Do you hear that voice? Yes, the voice in your head that allows you to read this very article. Even though you may not be speaking— there is a tiny little voice in your head that continues to influence and direct every action, decision and emotion that you feel every single day.
This is the same voice that tells you to stop when you know you need to keep going to the gym. This is the same voice that tells you that you shouldn’t speak up at meetings for fear of what everyone may think about you, and the same voice that tells you to stay in the bed when you know you should get up and tackle the day. This is your self-talk. Your self-talk can either contribute to your self-fulfillment or lead you to your own self-destruction. It’s a choice that every human must make when they began their own journey of self-awakening.
Take a moment and ask what you’ve said to yourself lately. Has it been positive or negative? Is your self-talk pushing you towards your desired outcomes, goals and preferred life? Scientists have conducted hundreds of studies and have concluded that the actual thoughts you have about whom you are or where you want to go physically affect the structure of your brain. Many years ago, we believed that our brains were fixed and hard-wired but now we know that we have the ability to not only physically shape our brain but can create better habits that can contribute to a more fulfilling life. Think of your self-talk as the first step in guiding your brain and life to what you want more of.
I know the first question that comes to mind is “where do I start?” Let me first start off by saying that this is something that is learned over time. Rushing this process will only lead to disappointment and dissatisfaction. It can take some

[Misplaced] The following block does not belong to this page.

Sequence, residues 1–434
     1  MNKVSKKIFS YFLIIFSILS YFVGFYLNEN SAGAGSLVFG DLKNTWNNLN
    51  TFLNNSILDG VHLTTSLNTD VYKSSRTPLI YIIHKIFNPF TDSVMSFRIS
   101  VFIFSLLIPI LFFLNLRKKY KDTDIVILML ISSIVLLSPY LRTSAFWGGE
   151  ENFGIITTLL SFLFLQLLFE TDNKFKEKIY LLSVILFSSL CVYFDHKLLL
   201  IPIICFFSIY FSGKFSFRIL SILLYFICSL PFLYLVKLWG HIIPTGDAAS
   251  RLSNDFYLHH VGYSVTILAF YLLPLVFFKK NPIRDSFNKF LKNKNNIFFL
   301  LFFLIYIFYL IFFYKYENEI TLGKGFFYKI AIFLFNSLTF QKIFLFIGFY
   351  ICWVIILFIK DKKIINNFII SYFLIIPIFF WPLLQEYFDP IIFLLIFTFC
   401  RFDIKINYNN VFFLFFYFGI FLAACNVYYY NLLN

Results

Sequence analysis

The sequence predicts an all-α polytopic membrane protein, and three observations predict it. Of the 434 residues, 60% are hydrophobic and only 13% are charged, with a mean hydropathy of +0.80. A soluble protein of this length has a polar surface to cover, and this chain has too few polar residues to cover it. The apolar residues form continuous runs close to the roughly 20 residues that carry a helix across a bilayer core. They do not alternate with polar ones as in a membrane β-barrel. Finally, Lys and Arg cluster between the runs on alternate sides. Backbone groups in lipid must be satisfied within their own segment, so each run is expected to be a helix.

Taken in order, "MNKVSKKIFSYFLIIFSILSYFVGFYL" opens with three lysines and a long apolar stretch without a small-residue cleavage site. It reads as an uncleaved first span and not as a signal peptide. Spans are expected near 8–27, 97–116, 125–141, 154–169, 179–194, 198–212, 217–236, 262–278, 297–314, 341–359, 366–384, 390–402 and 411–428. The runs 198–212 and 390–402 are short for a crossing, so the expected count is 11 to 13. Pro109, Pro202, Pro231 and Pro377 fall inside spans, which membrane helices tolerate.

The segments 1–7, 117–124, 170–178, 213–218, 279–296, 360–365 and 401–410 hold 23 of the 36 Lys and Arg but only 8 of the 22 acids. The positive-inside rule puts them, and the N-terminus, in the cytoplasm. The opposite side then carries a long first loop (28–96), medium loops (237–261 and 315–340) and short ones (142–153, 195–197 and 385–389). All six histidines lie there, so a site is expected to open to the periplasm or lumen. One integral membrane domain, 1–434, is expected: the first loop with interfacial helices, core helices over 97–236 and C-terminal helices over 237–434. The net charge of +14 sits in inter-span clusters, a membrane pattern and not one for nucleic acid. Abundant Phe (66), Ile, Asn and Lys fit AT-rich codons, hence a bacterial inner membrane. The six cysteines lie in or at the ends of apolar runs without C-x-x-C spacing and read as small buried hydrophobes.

patience but once you began this journey and stay consistent, your life will start to unfold with more desirable outcomes.
The first step in taking charge of your self-talk is being aware of your thoughts in the first place. Many times, we become so attached to every thought that comes up that we tend to believe they are always true and fact. You must detach yourself from negative thoughts and began to interrupt them— and even allow them to pass through your mind. I know this is easier said than done but just the fact that you spent time to even question a negative thought is progress in itself and a huge first step in becoming mentally conscious and aware. Over time, through neuroplasticity— the ability of the brain to change continuously throughout and individual’s life— this practice becomes easier and your brain slowly begins to change its actual physical structure.
Another strategy to help interrupt and counter negative or stressful thoughts that I found to work well is by Byron Katie. It consists of four simple questions that you should ask yourself when a negative thought arises: